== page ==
For the first time Kate realized her father had gone. She watched anxiously as men, boys, and a trio of ladies moved off into the lane. Lady Carew appeared placid, sipping her drink. A footman approached to take their cups.

“Should I have been introduced to everyone?” Kate asked, wondering who the other hunters were, and noticed she’d licked the sherry off her lips, feeling salve on her tongue. Oh, drat it. This is hard…

“I’ll manage the proprieties as we progress,” Lady Carew replied, adjusting her seat.

“Ought we go? I shan’t like to miss anything.”

“Not to worry. We’ll soon catch them up.”

J.F. Herring hunt

They left the stable square, followed the lane, and entered a yard with ancient trees all around. A kennel (a stone building about the size of a cottage) sat at the far side of a clearing. They walked across the yard and onto a field. The men were trotting uphill towards a distant copse, the trio of ladies walking, then they started to canter. Lady Carew did likewise, and Kate happily joined in. All the ladies were soon in a loose group, overtaking the boys, then catching the men, who also kicked up into a faster pace. The soldier, a tall man with a large auburn moustache, fell in beside Kate. He smiled and touched his whip to the peak of his headdress, a field cap, then led the way on his large powerful stallion. Ahead were three gentlemen on horseback and two servants on foot. A cacophony of barking rang from the woods. Everyone reined in, halting together, the boys arriving last on their ponies. Kate couldn’t see her father. She immediately recognised Mr. Thomas Carew, Esquire, their host and owner of Crowcombe Court, a stout man of about fifty years of age. He wore a red coat with fawn trousers, as did one of the other gentlemen, but the third had a dark brown jacket. The servants on foot appeared to be gamekeepers or grooms, dressed in neat work clothes, one cradled a shotgun in the crook of his elbow.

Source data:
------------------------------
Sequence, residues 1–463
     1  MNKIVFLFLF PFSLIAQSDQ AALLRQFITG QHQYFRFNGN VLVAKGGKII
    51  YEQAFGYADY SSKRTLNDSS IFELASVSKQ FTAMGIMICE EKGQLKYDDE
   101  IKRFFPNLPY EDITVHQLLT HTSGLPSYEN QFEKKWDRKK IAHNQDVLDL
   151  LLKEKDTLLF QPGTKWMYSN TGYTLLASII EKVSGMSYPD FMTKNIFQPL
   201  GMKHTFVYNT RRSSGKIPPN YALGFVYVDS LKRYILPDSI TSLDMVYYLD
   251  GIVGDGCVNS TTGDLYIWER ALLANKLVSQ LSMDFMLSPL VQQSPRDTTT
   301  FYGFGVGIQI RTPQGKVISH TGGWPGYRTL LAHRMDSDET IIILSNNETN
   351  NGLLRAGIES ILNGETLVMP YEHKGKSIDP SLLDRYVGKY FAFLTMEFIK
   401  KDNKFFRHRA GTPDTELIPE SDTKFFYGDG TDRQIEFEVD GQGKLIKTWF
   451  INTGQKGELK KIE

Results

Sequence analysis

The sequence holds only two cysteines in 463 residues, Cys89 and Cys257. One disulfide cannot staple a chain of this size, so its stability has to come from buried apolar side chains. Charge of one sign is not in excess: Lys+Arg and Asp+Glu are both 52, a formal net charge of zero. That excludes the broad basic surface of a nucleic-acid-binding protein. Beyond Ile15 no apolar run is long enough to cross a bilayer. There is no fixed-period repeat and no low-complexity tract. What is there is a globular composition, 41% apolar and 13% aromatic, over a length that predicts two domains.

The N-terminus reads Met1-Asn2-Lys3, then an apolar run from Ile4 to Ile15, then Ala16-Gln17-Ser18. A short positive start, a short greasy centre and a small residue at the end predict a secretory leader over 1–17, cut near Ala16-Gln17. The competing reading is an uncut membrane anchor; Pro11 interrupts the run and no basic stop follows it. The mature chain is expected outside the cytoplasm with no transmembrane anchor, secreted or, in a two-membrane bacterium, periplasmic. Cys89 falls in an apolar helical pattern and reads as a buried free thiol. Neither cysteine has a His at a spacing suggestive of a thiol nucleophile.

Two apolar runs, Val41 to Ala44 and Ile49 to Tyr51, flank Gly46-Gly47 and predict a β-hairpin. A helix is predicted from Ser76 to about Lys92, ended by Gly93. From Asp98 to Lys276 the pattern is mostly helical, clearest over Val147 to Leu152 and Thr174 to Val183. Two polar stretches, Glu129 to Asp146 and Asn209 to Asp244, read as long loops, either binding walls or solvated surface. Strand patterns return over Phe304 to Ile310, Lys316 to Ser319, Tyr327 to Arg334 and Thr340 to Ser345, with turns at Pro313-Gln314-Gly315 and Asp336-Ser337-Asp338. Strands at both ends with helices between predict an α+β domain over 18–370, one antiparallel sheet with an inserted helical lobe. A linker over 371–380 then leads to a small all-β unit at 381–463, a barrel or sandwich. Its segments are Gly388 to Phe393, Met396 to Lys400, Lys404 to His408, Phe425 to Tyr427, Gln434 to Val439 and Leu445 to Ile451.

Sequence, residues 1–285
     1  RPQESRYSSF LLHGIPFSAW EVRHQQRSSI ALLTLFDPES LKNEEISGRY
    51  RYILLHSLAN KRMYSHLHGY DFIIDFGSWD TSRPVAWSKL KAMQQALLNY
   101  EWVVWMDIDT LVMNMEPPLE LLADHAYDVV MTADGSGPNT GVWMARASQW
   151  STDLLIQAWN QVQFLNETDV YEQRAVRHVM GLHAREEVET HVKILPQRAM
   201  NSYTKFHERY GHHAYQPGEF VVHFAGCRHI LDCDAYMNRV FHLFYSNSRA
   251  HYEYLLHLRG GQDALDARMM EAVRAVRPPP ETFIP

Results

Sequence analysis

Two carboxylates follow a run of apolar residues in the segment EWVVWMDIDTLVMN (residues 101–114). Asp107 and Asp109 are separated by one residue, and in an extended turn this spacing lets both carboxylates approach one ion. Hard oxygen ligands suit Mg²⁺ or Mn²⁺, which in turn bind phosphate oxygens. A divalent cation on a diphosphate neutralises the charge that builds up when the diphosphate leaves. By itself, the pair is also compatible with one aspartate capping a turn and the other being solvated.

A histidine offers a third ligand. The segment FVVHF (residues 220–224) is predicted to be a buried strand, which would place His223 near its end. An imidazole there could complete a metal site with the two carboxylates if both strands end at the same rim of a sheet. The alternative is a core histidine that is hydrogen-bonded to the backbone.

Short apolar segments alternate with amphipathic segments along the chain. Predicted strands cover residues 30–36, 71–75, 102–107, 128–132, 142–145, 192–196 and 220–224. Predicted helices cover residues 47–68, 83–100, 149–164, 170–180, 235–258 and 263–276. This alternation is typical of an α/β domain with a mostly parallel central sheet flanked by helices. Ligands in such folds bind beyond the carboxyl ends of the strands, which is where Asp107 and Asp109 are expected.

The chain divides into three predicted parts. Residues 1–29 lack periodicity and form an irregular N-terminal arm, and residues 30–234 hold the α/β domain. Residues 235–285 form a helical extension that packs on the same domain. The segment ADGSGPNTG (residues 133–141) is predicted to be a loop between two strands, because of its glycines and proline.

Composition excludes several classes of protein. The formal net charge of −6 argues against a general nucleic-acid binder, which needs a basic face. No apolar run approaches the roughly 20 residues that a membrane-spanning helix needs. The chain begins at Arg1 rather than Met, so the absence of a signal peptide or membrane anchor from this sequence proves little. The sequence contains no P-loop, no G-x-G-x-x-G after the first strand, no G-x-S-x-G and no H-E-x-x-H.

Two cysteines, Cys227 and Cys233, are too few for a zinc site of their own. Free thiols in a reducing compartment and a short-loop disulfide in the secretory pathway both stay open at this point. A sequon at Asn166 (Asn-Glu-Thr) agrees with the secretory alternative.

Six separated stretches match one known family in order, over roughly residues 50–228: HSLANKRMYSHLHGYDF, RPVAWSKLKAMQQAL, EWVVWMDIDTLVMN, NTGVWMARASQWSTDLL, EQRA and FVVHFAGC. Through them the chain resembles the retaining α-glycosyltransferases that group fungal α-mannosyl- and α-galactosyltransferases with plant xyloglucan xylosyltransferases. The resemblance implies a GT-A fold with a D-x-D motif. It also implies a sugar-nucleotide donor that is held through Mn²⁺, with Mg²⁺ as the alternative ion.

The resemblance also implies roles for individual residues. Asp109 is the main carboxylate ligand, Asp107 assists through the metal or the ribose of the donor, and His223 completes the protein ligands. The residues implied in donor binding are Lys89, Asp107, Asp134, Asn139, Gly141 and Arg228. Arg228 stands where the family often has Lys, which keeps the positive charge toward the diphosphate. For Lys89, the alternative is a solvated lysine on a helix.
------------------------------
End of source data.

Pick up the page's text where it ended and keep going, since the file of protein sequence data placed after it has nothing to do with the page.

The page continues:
“Ladies and gentlemen!” Mr. Carew bellowed. “Please spread out around the copse. If prey emerges let us know. And, of course, we are only after fox today, no stags.”

The men rode off quickly, several rounding up either side of the trees, disappearing from view. Lady Carew seemed content to stand quietly, so Kate remained still as well. The trio of ladies walked together towards the copse, while the boys practised jumping over a ditch.

“Good morning, Lady Kate?” Sir Walter Carew rode near and removed his hat. “Forgive my affront. From the thorn’d bud doth bloom a rose!”

“Thank you, Sir Walter.”

“How much like your mother, you are! Your father is on the other side of the trees, taking command of the hounds akin to Wellington himself.”

Kate laughed at his jest. “Is the hunt going well?”

“It hasn’t really started yet. We’ll see if the hounds find a fox here. If not, we’ll try another spot.”

At that moment a “tally-ho” came from somewhere off in the distance.

“Ah ha!” Sir Walter exclaimed. “Tantivy!”

fox hunt

He wheeled around and flew into a gallop, the men nearby in chase, other hunters already out ahead. Kate looked at Lady Carew with raised eyebrows. Let’s go! The woman adjusted her bonnet, smiling, started to walk, then cantered. Kate followed, gathering her reins. Smoothly, the horses quickened their gait and broke into a gallop, climbing for high country. Kate’s mare easily overtook Lady Carew and raced after the other animals. She saw hounds running across the field, the copse left behind, her father riding well off to one side. In her path there lay a wall the dogs were scrambling over while the men jumped it with whoops of delight. The trio of ladies diverted their course towards a gate where two men rode to facilitate their passing. Kate swivelled her head around, searching for Lady Carew. She saw her drop to a canter and aim for a low portion of wall. Remembering her father’s instructions, Kate did likewise.